A genetic polymorphism was targeted in a French study.
Reprinted from Eating Disorders Review
July/August Volume 27, Number 4
Researchers at INSERM (the French Institute of Health and Medicine), Descartes University, and Sainte Anne Hospital, Paris, have published a paper supporting the idea that the main emotion that drives weight loss in anorexia nervosa (AN) isn’t fear of fat, one of the three main criteria for a diagnosis of AN. Instead, the driving force is pleasure at losing weight, according to the authors (Transl Psychiatry. 2016; 6:e829).
The researchers used a skin conductance test, which measures perspiration rate when exposed to various images, in a group of 70 patients with AN and 70 healthy controls. Seventy female AN patients viewed images of people who were of normal weight, underweight, or overweight. When the patients viewed images of normal weight or overweight persons, their reactions were the same as those reported in a control group. However, when they viewed images of thin individuals, they had enhanced responses versus those of the healthy control subjects.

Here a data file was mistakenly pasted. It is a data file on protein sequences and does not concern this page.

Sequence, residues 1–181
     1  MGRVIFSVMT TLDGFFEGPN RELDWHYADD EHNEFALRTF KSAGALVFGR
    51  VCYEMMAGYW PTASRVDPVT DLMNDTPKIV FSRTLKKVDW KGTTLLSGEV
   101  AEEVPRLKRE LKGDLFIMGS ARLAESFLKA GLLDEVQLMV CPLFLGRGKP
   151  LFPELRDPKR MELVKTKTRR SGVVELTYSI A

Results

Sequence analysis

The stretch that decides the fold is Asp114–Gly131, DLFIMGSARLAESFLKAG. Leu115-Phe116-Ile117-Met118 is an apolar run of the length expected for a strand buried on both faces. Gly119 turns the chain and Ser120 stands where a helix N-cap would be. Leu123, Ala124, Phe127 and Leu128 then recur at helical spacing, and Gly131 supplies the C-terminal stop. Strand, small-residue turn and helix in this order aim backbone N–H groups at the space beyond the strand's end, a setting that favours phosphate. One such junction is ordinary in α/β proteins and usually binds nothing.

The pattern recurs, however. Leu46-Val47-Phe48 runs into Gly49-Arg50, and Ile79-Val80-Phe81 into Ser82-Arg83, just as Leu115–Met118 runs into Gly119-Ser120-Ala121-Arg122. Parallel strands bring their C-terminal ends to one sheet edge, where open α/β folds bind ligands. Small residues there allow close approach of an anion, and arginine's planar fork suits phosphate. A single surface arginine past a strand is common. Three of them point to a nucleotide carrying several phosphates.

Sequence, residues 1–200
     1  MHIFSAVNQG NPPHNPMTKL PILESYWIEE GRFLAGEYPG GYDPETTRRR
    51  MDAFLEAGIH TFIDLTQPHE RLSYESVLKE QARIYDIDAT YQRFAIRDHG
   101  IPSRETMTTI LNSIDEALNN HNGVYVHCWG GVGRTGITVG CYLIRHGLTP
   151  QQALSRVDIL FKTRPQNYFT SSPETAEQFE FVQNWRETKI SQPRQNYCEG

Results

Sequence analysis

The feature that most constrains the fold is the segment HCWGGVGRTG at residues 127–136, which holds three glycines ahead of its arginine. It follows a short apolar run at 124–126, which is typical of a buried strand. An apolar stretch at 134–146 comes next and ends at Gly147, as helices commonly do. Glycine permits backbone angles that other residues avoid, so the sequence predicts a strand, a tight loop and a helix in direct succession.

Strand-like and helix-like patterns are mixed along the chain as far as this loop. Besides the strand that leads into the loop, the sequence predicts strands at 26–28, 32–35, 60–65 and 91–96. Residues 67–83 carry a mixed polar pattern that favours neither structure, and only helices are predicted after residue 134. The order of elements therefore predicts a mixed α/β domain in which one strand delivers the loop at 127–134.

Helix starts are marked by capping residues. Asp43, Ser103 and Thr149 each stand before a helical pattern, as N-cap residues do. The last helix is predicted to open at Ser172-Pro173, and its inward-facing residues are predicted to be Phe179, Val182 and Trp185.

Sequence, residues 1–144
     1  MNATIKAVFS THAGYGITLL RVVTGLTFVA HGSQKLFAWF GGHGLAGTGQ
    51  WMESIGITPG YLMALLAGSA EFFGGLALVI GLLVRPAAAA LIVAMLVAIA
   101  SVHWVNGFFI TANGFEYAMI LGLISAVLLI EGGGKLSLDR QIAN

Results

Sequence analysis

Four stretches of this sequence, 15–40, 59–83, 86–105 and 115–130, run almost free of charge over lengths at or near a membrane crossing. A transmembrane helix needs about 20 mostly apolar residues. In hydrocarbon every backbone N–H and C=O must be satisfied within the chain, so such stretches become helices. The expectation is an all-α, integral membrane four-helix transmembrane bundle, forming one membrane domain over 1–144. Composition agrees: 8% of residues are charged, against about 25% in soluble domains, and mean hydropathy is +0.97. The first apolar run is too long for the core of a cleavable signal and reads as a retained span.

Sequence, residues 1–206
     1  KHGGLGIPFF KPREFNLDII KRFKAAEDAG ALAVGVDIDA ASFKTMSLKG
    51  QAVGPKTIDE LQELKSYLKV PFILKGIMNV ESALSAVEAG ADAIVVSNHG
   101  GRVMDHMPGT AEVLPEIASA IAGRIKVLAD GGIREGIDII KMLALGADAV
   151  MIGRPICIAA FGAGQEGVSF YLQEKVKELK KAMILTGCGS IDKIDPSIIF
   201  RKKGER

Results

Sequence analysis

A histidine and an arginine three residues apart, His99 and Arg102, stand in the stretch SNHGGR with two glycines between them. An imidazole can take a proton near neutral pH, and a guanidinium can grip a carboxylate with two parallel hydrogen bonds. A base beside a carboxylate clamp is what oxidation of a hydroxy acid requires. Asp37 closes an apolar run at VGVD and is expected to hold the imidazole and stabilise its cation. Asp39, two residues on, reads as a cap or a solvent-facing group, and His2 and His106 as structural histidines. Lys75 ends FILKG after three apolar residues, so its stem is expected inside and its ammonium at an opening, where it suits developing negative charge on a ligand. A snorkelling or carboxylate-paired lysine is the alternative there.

The French scientists then assessed the role of the Val66Met BDNF polymorphism as a potential intermediate factor (also see earlier article, “Neurobiological Clues to Anorexia Nervosa”). This polymorphism occurred at similar rates in the AN and normal controls, but elevated skin conductance was more common in the group with the val66met allele. The authors concluded that the val66met allele of the BDNF gene may be related to the rewarding value of restriction in patients with AN.